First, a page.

This article was originally published on abajournal.com.
The 118th Congress began earlier this month with President Joseph R. Biden still in office and a divided government. After hard-fought midterm elections, the Democrats retained majority control in the Senate, but with a slim 51-to-49 margin that includes three Independent senators in the majority, two of whom will caucus with the Democrats. The new Senate was sworn in as scheduled on Jan. 3, and the Senate leaders remain the same.
In the House of Representatives, Republicans took majority control with 222 Republicans and 213 Democrats. Members of the House were not sworn in, though, until Jan. 7 after the Speaker of the House was finally elected. Unlike previous speakers elected on the first vote throughout the last 100 years, this year it took four days, 15 floor votes and multiple concessions to hardline conservatives before Speaker Kevin McCarthy was finally elected with the minimum votes required to win.
The chaos and confusion among House Republicans throughout these votes highlight the uncertainty of the next two years as the 118th Congress gets underway. A new generation of leaders now occupying all three of the top House Democratic positions will further complicate any progress.
Narrow margins in each chamber will mean every vote counts as party leaders try to advance their legislative agendas. A Republican House will clash on most issues with the Democratic Senate, with bitter fights expected over even basic functions, including funding the government.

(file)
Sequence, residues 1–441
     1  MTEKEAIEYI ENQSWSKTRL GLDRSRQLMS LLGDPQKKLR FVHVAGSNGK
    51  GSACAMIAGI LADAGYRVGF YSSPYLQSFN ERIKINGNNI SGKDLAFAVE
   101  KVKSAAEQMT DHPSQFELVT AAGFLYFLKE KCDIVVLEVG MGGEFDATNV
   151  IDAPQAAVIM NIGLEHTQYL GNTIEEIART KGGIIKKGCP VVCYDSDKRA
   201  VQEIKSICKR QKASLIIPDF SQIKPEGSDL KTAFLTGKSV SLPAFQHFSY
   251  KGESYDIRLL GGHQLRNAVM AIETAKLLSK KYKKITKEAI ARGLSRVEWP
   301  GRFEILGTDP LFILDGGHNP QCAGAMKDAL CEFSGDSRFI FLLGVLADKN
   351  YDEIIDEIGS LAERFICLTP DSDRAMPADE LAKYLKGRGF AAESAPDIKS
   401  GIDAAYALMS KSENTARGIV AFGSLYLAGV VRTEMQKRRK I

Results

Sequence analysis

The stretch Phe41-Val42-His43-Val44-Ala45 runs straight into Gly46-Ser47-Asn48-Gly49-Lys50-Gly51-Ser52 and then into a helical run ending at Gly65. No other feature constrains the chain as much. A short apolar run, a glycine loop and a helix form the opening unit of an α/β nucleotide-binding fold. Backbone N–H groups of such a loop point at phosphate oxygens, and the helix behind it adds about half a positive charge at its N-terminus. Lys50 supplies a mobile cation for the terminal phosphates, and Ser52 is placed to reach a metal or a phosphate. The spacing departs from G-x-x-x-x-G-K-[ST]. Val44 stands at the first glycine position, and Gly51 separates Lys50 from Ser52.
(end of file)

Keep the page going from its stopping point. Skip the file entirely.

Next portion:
Massive turnouts during the midterm elections and close election results revealed that the American people are dissatisfied with their elected officials, and both parties will need to dial back the rhetoric and improve the quality of potential candidates to restore public confidence in our system of government in advance of the looming 2024 presidential election cycle.
Political unity and bipartisanship matter more than ever, but as we have already seen at the beginning of this 118th Congress, they will be difficult to achieve. A new era of gridlocked government in Washington, with bitter stalemates over legislation and critical fiscal issues, is expected.
Against this uncertain backdrop, our Governmental Affairs team will continue to communicate with the administration, new and returning members of Congress, and agency officials to advocate for ABA legislative priorities and on issues important to the legal profession. The ABA Board of Governors will vote on the association’s priorities for this new two-year Congress on Feb. 3rd at the 2023 ABA Midyear Meeting, and the Governmental Affairs team will post them online.